Well, um, I, I, I tried to structure my day around like your typical nine to five block. So I tried to be at my desk, no later than nine. I’m on the Twitter team for writer unboxed.com. So that sometimes means I have to be at my computer a little bit earlier to schedule tweets for writer unboxed. And, but I nine is usually what I shoot for. And then I spend my morning doing my, what I call my desk work. So that’s checking my email, checking to see where I am in sales, researching any kind of contests or prepping for an upcoming event or things of that nature. And then the afternoon is what I reserved for writing. And and I usually try to clock off at five o’clock, like, even if I’m only if I’m like, really into a roll of writing while I go over that. But I try to walk away from the computer at five, and then try not to do too much over the weekends. I mean, I’ll write on the weekends of course but business wise avoid that on the weekends just to give myself a break and, and keep me from getting stressed and give myself some space sort of thing.
Richard Lowe 26:30
And that’s a good point. Writers need to give themselves some time away from writing or they become introverted into the computer I found out
Suzanna Linton 26:39
Yeah, yeah, it’s it’s so easy to get sucked into your own little world and not be able to see beyond it. Adam driver who’s an actor I really admire once remarked in an interview that one thing he didn’t like about his fame was that he lost his and amenities ability to be anonymous, because part of what he did, he feels you do as an actor is you observe the world. And and you reflect that in your acting, I thought, well, that’s the same thing with writing. You know, you you observe the world and you reflect it back in your writing, and you comment on it, or you say what you wish the world was or could be and, and you can’t do that if you’re sucked into a computer 24/7 Or most Oriente your phone all the time, and you’re not interacting with the outside world, you’re not going to coffee shops, you’re not or if you do go to coffee shop, you’re so into your laptop, you don’t overhear the conversations around you. And it’s just there’s, there’s a time when you need to unplug and walk away and turn off your phone and absorb the world around you.
Richard Lowe 27:46
Yes, that’s very true. All right. Now, you said you had some books? Do you have any in front of you that you could show us your covers and things?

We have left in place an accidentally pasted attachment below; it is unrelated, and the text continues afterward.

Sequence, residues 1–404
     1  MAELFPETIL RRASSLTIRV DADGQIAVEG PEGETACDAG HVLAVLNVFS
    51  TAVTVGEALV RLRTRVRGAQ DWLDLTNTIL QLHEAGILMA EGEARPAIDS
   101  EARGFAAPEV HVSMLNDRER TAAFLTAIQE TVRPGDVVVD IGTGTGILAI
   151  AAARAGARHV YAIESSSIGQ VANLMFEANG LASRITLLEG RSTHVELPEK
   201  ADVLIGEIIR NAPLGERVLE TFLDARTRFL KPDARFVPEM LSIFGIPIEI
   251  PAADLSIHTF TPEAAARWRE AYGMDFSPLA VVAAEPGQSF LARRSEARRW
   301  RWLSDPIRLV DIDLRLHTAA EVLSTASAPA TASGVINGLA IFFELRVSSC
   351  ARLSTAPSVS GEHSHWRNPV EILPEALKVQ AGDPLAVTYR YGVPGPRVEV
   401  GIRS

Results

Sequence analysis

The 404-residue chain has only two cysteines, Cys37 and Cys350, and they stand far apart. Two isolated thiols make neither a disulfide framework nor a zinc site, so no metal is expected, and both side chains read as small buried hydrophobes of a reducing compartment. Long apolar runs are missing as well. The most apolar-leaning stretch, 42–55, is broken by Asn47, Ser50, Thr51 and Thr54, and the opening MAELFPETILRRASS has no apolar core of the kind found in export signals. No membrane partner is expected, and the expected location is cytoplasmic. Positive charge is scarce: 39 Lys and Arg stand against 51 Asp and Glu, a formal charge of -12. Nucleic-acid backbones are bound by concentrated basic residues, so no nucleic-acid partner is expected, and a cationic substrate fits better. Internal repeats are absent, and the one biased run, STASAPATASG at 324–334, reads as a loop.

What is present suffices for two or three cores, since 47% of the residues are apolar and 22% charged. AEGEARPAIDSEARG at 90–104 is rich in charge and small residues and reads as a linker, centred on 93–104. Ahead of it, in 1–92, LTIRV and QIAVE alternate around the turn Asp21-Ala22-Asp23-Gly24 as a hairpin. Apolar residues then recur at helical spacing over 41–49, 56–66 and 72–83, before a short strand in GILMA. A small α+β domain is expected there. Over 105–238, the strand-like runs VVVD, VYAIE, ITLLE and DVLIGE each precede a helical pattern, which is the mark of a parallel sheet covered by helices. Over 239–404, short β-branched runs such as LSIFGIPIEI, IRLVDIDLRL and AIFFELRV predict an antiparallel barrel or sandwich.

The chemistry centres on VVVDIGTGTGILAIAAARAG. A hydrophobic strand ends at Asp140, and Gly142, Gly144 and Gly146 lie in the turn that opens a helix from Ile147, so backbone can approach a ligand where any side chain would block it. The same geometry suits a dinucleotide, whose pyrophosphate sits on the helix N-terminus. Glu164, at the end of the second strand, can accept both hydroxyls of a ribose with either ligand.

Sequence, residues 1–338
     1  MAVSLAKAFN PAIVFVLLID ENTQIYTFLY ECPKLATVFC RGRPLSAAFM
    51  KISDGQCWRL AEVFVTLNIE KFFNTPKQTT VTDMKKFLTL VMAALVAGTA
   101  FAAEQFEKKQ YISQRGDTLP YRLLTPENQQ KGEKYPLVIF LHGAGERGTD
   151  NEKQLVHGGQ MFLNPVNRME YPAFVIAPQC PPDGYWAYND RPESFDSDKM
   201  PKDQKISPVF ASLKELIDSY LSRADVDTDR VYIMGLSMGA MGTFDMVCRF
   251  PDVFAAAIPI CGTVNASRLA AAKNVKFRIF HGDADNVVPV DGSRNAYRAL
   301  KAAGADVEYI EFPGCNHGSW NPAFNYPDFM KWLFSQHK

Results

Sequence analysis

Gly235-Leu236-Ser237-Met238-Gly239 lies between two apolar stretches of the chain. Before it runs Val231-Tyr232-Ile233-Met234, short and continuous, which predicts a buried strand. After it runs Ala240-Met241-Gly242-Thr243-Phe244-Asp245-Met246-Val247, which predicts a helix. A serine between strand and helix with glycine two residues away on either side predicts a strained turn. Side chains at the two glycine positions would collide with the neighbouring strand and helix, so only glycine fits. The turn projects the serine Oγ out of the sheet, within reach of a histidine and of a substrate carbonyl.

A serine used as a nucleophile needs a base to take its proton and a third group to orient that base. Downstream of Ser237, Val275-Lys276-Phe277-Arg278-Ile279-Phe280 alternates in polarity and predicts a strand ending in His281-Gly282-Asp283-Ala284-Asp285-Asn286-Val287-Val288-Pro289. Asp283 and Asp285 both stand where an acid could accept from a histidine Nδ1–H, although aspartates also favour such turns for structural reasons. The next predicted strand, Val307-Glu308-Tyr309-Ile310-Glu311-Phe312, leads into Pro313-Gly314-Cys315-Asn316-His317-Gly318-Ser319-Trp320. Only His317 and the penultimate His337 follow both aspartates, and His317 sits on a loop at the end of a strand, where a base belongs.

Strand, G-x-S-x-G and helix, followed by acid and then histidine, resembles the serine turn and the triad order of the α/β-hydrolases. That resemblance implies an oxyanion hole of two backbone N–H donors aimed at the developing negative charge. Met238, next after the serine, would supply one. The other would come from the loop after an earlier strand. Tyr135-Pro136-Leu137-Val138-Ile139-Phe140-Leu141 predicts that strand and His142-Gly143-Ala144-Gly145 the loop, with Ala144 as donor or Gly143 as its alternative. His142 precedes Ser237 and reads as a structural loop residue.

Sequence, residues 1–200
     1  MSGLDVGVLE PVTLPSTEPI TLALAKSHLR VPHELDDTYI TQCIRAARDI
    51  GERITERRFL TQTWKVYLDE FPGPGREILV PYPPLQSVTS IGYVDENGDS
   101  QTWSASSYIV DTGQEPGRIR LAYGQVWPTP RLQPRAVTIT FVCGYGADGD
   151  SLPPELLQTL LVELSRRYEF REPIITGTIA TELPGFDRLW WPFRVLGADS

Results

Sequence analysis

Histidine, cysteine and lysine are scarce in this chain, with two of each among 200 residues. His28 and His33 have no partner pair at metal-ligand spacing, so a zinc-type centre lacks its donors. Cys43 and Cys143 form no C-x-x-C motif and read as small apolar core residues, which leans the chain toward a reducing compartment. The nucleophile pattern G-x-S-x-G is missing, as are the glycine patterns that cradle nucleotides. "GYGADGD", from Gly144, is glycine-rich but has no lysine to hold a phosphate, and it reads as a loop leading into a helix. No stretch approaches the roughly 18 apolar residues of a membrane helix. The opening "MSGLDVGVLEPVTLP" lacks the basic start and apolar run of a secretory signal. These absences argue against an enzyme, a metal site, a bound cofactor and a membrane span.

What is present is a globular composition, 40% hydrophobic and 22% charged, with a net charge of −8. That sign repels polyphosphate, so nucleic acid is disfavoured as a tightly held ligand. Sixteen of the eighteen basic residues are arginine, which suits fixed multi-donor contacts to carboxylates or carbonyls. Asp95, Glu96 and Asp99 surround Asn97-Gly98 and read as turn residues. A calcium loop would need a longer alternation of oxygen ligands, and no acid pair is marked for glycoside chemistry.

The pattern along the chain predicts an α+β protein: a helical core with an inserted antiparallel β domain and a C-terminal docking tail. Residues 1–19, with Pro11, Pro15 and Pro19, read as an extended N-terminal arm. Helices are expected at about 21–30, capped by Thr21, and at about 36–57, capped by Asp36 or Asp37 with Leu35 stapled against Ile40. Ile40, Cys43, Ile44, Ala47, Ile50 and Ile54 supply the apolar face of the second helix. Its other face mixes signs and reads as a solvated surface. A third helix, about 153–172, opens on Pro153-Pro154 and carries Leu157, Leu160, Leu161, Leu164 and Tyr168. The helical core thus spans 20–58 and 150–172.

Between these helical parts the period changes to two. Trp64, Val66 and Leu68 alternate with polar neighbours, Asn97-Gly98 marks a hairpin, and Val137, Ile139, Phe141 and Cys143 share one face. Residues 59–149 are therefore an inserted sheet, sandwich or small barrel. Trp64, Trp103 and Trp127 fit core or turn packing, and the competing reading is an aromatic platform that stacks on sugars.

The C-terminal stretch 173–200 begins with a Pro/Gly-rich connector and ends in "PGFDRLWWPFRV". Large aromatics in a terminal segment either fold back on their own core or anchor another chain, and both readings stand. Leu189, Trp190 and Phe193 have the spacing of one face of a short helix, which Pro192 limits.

Suzanna Linton 27:54
This is my first book, Clara. Nice
Richard Lowe 27:58
cover? Yes. Yes.
Suzanna Linton 28:02
So this is the first book of the stories of loss series. And the originally, originally the cover was one I have Photoshop myself and I had actually taken a picture of the Blue Ridge Mountains, which is mountains I use as inspiration for mountains, they’re in the book. And that was the cover with like, my eyes grayed out over the top, like, you know, like they’re seeing over the mountains is a really terrible looking cover. And but Fiona came up with this, this beauty right here, so
Richard Lowe 28:38
okay, that’s excellent. That’s excellent. Where do we find you?
Suzanna Linton 28:43
You can find me. Well, my website is Susanna linssen.com. My books are available on Amazon, Barnes and Noble Kobo, iTunes, or iBooks, rather. And then there are a couple of smaller, like, smaller websites that where I’m available, but those are the big ones that I can think of off the top of my head.
Richard Lowe 29:07
Good. Any closing remarks?
Suzanna Linton 29:11
Only Thank you for having me. And and this is a lot of fun, and I appreciate it.
Richard Lowe 29:16
Oh, you’re very welcome. This is a lot of fun. I get to meet new authors all the time. And it’s very enlightening. And I enjoyed this interview a lot. Thank you for coming. Thank you. All right. All right. So this has been author talk with Richard Lowe and I’ve been interviewing Susanna Linton, and all of the links to her stuff that we mentioned in the interview are in the description. And please subscribe to and like this particular video, and come back again. Thank you very much